System evolution and the equilibrium properties of the membranes are evaluated by Monte Carlo sampling of Boltzmann’s probability distribution. Every Monte Carlo step consists of, \({N}_{T}\) Alexander moves, a trial to flip the mutual link between two neighboring triangles, \({N}_{\upsilon }\) vertex positional updates and \({N}_{i}\) inclusion moves (where \({N}_{i}\) is the number of the inclusions in the system)54. If a system is coupled to a tension-controlling scheme, then, with the a given probability, there will be also one trial move to change the box size (see Supplementary Note 3)38. There is also a possibility to activate parallel tempering algorithm. This will run multiple replicas at different temperature using OpenMP parallelization to better sampling of the system (for more detail, see Supplementary Note 5).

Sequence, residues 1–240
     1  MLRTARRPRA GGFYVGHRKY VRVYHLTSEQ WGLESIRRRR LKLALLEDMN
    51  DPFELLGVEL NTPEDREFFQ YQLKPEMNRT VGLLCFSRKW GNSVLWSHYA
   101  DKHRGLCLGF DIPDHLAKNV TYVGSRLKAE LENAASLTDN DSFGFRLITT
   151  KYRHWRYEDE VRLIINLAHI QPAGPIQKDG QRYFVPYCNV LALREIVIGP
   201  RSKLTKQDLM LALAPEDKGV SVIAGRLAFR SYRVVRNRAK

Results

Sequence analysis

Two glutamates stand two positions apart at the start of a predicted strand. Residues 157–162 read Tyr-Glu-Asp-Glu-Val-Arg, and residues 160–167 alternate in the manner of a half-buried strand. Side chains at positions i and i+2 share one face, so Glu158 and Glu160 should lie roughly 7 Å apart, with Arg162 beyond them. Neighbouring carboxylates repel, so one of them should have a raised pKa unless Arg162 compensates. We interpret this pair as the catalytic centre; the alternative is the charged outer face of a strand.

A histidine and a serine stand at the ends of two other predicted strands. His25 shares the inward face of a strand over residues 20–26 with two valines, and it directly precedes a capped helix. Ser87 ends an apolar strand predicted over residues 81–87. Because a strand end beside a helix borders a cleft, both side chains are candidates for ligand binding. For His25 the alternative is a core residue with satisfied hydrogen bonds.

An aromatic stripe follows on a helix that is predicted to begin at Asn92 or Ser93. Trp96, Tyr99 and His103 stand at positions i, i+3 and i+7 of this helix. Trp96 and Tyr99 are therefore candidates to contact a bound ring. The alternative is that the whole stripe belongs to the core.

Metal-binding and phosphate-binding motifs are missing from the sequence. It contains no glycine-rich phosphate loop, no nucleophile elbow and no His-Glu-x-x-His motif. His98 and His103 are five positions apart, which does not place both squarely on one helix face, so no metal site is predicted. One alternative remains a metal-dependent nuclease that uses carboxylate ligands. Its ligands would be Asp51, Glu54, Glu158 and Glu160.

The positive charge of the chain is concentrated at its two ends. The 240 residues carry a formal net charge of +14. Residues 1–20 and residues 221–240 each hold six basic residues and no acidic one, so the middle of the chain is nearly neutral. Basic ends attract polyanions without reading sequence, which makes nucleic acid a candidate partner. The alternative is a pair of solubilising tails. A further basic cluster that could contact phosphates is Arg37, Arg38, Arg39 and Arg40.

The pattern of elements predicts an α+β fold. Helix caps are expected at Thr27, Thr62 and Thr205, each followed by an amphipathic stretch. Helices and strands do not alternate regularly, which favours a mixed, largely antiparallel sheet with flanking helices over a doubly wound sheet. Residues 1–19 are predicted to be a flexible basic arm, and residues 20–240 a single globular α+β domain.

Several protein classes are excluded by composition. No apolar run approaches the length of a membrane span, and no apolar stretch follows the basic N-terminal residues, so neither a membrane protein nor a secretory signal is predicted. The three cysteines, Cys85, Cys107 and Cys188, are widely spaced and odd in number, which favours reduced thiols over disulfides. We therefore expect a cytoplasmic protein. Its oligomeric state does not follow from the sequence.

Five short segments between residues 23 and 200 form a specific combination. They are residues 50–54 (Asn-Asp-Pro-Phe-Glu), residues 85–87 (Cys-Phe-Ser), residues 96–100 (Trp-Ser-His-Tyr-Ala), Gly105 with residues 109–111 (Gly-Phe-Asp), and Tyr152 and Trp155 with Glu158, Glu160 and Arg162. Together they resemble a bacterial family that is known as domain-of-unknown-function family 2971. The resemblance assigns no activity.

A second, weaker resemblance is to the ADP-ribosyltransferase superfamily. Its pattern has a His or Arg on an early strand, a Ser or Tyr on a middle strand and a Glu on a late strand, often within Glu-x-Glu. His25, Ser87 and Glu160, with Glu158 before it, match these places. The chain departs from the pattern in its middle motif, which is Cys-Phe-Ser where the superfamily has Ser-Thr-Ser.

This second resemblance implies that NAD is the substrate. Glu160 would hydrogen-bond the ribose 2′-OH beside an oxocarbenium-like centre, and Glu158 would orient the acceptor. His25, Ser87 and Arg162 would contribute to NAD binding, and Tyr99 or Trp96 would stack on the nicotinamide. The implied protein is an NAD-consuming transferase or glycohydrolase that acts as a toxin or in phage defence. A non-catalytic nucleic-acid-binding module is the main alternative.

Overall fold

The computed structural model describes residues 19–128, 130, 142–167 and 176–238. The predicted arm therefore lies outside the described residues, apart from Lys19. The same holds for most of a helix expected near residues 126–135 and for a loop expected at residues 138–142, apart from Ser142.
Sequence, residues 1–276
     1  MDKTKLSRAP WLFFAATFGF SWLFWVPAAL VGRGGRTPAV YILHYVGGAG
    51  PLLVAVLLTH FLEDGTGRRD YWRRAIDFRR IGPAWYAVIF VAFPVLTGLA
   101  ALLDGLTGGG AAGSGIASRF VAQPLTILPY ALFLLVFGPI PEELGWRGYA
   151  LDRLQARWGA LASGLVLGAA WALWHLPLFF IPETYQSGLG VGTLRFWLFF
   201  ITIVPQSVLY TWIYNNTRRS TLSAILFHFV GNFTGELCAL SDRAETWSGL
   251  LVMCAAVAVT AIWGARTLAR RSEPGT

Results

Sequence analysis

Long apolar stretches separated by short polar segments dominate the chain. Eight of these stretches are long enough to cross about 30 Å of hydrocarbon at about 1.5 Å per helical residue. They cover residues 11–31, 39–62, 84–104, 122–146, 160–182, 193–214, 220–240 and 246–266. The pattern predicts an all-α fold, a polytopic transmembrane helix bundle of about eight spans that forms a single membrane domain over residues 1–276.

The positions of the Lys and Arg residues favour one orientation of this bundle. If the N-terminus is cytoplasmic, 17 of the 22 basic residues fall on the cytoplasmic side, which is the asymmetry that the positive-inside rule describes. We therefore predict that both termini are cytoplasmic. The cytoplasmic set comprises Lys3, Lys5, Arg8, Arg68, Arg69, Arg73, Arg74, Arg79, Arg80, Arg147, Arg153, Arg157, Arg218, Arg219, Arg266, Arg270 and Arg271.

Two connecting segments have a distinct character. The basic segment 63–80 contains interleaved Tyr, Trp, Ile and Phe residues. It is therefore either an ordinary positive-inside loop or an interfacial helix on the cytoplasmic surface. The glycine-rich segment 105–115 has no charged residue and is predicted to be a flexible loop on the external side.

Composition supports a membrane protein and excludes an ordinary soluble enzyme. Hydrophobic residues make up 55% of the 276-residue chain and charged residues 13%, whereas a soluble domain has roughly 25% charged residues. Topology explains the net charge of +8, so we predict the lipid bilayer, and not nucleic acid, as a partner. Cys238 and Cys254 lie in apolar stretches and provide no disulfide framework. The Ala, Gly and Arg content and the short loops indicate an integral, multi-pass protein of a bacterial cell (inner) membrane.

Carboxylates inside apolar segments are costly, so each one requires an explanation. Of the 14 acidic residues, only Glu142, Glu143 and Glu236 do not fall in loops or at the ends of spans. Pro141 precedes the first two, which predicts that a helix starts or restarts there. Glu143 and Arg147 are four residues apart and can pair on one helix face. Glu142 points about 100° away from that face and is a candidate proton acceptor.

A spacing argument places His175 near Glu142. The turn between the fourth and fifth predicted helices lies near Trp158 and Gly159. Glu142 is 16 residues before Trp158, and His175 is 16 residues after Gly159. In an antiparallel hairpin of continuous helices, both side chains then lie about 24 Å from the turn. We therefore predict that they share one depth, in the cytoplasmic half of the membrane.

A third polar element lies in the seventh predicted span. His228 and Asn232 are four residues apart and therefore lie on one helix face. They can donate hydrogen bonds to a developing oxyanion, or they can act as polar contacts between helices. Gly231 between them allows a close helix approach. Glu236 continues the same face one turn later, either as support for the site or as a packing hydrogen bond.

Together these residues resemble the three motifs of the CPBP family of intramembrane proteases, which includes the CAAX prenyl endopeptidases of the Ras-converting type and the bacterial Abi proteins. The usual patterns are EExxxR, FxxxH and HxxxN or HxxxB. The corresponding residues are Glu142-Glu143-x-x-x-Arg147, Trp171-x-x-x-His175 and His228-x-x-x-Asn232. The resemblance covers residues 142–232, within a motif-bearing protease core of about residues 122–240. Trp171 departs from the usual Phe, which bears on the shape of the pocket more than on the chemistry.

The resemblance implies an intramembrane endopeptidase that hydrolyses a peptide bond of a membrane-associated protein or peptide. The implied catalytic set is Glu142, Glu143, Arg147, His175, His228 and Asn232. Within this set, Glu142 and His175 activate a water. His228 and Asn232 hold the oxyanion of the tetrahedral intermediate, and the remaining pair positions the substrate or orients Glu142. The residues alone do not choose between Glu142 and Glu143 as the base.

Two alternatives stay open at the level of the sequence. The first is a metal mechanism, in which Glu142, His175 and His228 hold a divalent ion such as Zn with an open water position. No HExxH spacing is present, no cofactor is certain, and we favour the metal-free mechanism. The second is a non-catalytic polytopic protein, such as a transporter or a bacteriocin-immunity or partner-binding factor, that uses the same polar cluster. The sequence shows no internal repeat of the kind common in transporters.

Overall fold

About the source code

FreeDTS is implemented in C + +. It is self-contained and does not depend on any additional library. It is very well-linked to TS2CG through input and output meshes and can be expanded to be linked with TS2CG on the fly. Also, it is easy to compile and run (for more detail, see the tutorial section in the manual or the tutorial section on GitHub). The energy unit is \({k}_{B}T\) and the unit length is \({l}_{{dts}}\) which is the minimum distance between any pair of vertices. For information about the code performance, see Supplementary Note 6.

The source code can be found at

Reporting summary

Further information on research design is available in the Nature Portfolio Reporting Summary linked to this article.